An impartial hearing convened on December 28, 2022 and concluded on August 17, 2023 after 11 days of proceedings (Tr. pp. 1-144). In an interim decision, dated February 8, 2023, the IHO determined that the parties agreed that pendency stemmed from the April 2018 CPSE IEP which provided "Special Education Itinerant Teacher Services (SEITS), 1:1 direct service, 5 hours per week" and "Speech Language Therapy, Direct service, 2x per week for 30-minute sessions" and that the district shall provide those services retroactive to the filing of the September 21, 2022 due process complaint notice (IHO Ex. IV).
On the hearing date held July 10, 2023, the parent did not appear in person or by counsel and the IHO noted that the parent had not submitted a closing brief as anticipated (Tr. pp. 110-13). The IHO stated that the district had submitted a closing brief, and noted that she "would give the parent one more opportunity, a final opportunity to submit a closing brief" (Tr. p. 113; see IHO Ex. I).
On the following hearing date, conducted on July 25, 2023, counsel for the parent appeared and stated with respect to submitting a closing brief that:
I didn't submit a brief. I wish to withdraw the case. Initially, I said without prejudice, [district counsel] objected to it. And based on the fact that the school year is concluded we can withdraw with prejudice. We have a pendency decision, so. And the school year is over. So we do not wish to proceed with this case any further.
(Tr. p. 119). Counsel for the district objected to the parent's motion to withdraw the due process complaint notice, arguing: "I would like Your Honor to render a findings of fact and decision in this matter. [The district] put on a case . . . We went through a full hearing, not just [the district's] case, but also parent's case . . . your honor should exercise discretion and reject the application" (Tr. pp. 119-20). District counsel further argued that parent's counsel admission that the parent did not want a decision because the parent had already been fully paid out under pendency was "in some ways an abuse of the pendency process" and that the district "has the right to show that it complied with its FAPE obligations" (Tr. pp. 120-21).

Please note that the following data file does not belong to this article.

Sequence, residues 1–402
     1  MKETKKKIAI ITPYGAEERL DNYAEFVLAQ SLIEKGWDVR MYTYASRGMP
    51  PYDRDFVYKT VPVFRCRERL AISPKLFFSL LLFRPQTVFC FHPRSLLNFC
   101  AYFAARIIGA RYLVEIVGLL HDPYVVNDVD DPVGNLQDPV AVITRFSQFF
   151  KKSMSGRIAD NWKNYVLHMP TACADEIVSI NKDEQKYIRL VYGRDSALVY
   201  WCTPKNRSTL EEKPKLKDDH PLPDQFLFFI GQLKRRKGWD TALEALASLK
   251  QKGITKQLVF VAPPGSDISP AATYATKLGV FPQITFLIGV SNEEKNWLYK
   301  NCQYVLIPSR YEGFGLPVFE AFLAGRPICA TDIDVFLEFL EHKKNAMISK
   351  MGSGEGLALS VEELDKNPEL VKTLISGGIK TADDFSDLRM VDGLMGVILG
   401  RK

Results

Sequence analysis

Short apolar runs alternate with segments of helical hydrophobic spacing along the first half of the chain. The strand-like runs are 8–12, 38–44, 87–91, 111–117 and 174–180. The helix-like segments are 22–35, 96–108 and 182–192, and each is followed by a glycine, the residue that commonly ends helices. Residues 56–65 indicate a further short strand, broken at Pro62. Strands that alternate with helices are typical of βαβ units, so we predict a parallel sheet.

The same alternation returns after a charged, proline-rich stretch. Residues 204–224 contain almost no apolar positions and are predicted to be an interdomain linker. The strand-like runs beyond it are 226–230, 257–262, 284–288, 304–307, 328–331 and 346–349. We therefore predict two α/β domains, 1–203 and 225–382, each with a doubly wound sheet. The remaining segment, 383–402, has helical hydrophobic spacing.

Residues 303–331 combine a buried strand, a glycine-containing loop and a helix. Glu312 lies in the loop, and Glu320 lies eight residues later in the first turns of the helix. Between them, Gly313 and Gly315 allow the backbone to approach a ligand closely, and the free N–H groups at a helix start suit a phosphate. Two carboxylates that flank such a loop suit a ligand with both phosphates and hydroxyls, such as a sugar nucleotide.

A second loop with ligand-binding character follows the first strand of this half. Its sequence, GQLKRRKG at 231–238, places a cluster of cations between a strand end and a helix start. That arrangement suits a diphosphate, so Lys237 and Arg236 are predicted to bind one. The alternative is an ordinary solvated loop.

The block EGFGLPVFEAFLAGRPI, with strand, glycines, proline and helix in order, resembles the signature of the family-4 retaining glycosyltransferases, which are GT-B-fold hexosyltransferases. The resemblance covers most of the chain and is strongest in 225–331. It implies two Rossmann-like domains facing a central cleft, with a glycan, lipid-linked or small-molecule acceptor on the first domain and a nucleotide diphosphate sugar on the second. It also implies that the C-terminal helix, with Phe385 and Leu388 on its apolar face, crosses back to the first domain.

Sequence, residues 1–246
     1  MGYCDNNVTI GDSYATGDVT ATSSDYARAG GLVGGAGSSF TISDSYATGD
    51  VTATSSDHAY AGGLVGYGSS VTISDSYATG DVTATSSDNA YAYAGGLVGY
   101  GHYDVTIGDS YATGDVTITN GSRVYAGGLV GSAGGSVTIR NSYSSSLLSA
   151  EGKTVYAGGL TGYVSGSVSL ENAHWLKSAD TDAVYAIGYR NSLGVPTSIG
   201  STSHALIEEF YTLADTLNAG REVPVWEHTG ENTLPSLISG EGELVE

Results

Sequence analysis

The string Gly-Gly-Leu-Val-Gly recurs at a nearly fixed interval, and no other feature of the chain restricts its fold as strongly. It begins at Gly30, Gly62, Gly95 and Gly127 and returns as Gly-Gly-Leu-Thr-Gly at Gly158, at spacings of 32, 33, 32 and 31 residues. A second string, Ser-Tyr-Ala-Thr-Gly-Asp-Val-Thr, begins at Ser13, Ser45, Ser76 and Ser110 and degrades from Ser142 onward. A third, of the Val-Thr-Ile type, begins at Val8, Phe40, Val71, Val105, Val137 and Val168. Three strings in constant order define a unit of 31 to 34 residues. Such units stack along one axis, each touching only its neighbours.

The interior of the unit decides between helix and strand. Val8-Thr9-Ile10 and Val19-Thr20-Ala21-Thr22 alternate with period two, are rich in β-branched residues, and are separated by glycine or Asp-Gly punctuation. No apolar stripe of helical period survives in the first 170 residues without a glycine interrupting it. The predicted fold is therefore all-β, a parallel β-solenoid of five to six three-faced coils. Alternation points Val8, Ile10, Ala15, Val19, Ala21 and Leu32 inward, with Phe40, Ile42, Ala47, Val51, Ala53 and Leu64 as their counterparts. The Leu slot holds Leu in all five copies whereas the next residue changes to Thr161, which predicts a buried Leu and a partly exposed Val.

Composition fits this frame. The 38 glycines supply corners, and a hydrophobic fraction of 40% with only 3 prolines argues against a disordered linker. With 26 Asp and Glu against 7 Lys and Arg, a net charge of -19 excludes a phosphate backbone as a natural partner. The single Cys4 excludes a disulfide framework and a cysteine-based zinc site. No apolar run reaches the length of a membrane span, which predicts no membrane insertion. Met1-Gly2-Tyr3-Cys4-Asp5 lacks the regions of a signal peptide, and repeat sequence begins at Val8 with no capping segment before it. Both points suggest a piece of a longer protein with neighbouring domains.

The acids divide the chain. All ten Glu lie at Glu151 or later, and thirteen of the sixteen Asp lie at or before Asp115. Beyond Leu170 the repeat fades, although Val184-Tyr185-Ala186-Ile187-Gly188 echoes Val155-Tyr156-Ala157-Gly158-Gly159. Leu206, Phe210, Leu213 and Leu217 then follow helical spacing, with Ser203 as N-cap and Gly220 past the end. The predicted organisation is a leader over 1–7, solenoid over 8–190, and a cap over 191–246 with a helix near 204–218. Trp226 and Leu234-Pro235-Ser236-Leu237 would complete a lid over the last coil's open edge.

The parties and the IHO further discussed the parent's request to withdraw the matter, and the IHO concluded that she wished to see legal briefs from the parties addressing the question before she rendered a determination (Tr. pp. 121-31). Both parties submitted briefs, as the IHO requested, and the impartial hearing drew to a close (see Tr. pp. 132, 142: IHO Exs. II; III).
In a decision dated August 23, 2023, the IHO determined that the district had not failed to offer the student a FAPE for the 2022-23 school year, rather the IHO found the district had correctly determined that the student should not have been classified as a student with a disability during the March 2020 CSE meeting (IHO Decision at pp. 5-6). Additionally, the IHO denied the parent's motion to withdraw the matter, finding that the parties had had an opportunity to brief the issue, both parties had put on evidence and rested their case prior to the parent's request to withdraw the matter rendering the parent's request "late" (id.). The IHO found the parent's failure to appear in person at the impartial hearing significant and noted that there was no evidence in the hearing record to demonstrate a contract and legal obligation between the parent and the private agency that provided services to the student (id. at p. 6). Accordingly, the IHO determined that it was not possible to find a financial obligation for the services delivered in order to support an equitable award of reimbursement or funding (id.). The IHO denied the parent's request for "enhanced rate services" for the 2022-23 school year and dismissed the September 2022 due process complaint notice with prejudice (id.).
IV. Appeal for State-Level Review
The parent appeals, contending that the IHO erred in failing to allow the parent to withdraw the due process complaint notice with prejudice and requests an order dismissing the due process complaint notice. In the event that the SRO does not rule that the due process complaint notice is withdrawn, the parent requests a finding on the merits that the district failed to offer the student a FAPE and that the student requires the services the parent obtained unilaterally. The following issues presented on appeal must be resolved in order to render a decision in this case:
- Whether the IHO erred in denying the parent's request to withdraw the September 2022 due process complaint notice with prejudice and rendering a final decision on the merits in this matter.
- Whether the IHO erred in determining that the district correctly declassified the student in March 2020 or erred in failing to find a child find violation by the district.
V. Applicable Standards